In the centre of Tavistock is the iconic Abbey Bridge and fish wear and so great was the volume of water charging under the bridge that the huge granite blocks forming the weir were carried away as if they were small pebbles. Having utterly demolished the weir all that remained was a perfectly level and raging river Tavy. Not far from the bridge is the Guildhall Square in which is unsurprisingly the Guildhall this was where the local lock-up was situated. Inside the lock-up sat a villain who had been arrested the previous night for housebreaking and much to his alarm was soon knee-deep in water. He may well of thought that this was the divine wrath of God seeking vengeance for his transgression? However, it was thought best to relieve him of his anguish and he was eventually removed to dryer ground upstairs, the level of the water having reached around six feet. Many of the nearby shops had the majority of their stocks ruined. Mr. Doble, the chemist, lost vast quantities of paint, vinegar, linseed oil, turpentine and other preparations to the value of £50. Mr. W. Carter the grocer had his sugar, lard, cheese and other provisions decimated beyond redemption. The wool stapler, Mr. T. A. Hill, suffered losses of some £50 due to his wool being saturated. Mr. W. Hill, the china dealer, had vast stocks of china plates, cups etc. either shattered to bits or floated away. The Great Western train that was sitting at the station became inundated, so much so the water extinguished the boiler which had to be re-ignited before it could even consider departing.
In such dire situations there are always people willing to risk life and limb in order to give assistance to those in peril. One such example was the following – “During the morning a young woman heard about the flood and made her way into Brook Street. The water in the thoroughfare was then several feet high, and it came to her knowledge that a couple of young children were in a nearby house. She at once plunged into the water and made her way into the house. Not finding the children in the kitchen, which was half full of water, she wended her way upstairs into the bedrooms, where the two little dots were lying in bed slumbering. Fearing the water would rise still higher and reach the bedrooms she brought them down into the kitchen and thence into the street. With her heavy burden the rushing water was too much for the courageous girl, and she was completely off her legs and carried along with the flood, losing hold of one of the children. A large number of men and women were watching the operations of the girl from various places of security, and a couple of men plunged into the water and rescued her and the children, who were in an exhausted condition. The infant that fell from the girl’s shoulders into the water immediately sank, and in doing so received a nasty cut across the forehead, which fortunately the only real injury caused.” – The Exeter Flying Post, July 19th, 1890.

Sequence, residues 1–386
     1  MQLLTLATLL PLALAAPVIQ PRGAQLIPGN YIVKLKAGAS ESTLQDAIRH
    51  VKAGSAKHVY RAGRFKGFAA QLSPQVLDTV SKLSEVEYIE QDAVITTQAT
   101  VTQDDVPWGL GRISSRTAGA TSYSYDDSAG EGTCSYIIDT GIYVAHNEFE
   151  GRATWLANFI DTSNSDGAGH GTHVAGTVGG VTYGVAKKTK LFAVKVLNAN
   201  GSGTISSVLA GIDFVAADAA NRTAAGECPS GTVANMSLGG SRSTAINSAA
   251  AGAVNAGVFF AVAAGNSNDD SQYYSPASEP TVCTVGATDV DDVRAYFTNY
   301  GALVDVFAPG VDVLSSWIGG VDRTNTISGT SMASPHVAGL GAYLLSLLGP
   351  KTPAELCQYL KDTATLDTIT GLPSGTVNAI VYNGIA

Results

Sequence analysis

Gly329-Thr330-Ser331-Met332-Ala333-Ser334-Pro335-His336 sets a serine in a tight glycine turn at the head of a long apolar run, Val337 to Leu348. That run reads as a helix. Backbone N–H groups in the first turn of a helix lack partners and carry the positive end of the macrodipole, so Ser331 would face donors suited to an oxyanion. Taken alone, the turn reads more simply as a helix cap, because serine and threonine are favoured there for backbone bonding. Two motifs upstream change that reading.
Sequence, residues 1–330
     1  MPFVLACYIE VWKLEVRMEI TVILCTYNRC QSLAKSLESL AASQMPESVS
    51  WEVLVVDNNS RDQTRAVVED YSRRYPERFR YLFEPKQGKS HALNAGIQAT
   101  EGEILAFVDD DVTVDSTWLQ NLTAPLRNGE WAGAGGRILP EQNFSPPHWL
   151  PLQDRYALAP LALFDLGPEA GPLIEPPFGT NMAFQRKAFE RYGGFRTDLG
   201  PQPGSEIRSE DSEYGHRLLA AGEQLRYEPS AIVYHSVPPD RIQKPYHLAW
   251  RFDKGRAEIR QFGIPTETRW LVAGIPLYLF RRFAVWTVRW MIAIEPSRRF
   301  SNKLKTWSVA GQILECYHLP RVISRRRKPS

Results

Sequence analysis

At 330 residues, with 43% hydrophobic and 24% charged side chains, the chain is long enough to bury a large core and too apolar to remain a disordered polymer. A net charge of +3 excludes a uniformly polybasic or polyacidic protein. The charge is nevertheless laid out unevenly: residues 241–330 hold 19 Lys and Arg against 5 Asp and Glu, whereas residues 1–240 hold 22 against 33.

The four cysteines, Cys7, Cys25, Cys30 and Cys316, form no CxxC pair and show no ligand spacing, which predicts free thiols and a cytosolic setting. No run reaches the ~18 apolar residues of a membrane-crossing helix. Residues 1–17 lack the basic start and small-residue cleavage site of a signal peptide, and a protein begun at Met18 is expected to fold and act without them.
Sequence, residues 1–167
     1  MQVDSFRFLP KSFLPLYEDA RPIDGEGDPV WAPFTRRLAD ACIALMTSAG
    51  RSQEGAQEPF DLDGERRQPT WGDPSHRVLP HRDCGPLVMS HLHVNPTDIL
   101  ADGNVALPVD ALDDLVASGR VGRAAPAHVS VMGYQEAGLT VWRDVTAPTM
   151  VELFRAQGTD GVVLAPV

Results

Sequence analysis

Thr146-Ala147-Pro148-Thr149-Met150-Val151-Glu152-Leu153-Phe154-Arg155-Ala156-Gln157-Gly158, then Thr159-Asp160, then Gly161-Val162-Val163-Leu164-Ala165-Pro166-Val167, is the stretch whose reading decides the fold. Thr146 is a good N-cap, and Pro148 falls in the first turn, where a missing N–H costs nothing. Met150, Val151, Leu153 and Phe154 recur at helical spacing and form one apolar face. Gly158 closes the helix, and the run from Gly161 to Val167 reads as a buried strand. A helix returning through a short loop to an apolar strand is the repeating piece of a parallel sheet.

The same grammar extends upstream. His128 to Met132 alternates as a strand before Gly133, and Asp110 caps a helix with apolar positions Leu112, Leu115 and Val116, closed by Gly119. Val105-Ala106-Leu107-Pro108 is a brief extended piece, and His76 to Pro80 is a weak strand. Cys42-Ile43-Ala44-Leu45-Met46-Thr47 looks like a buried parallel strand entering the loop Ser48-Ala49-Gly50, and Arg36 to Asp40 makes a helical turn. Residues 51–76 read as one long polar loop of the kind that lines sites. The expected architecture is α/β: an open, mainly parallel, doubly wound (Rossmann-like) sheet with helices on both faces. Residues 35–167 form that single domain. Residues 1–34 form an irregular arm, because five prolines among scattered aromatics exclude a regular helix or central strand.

The only fortunate thing to arise from this disaster was that the flash flood never occurred during the night. Should this have been so then in addition to all the damage there was a real possibility that some people would have lost their lives due to them being asleep when the flood came. All around Dartmoor many other rivers poured forth their torrents, it was this storm that the Cowsic river washed away the huge, heavy clapper bridge at Beardown. As noted above, the waters from Cox Tor combined with the river Walkham took out Merrivale bridge. An unlucky mare and foal belonging to the owner of the Merrivale Inn were taken by the strong current, they managed to extricate themselves further down from the inn. The South Teign river damaged two bridges in the Chagford area. At Rushford Mill the hay crop plus several sheep along with some poultry were lost to the floods which was a scene repeated on many moorland farms. The infamous river Dart managed to completely wash away a half ton buttress from the old bridge at Two Bridges.
As St. Swithin’s Day occurred two days previous to ‘The Tavistock Deluge’ in this instance the prophesised 40 days of rain seems to have occurred in 1 day. Perhaps if someone was reading this some forty years ago they may have thought these events of 132 years ago as being unimaginable. But in recent years they are becoming an all too often occurrence in some parts of the county.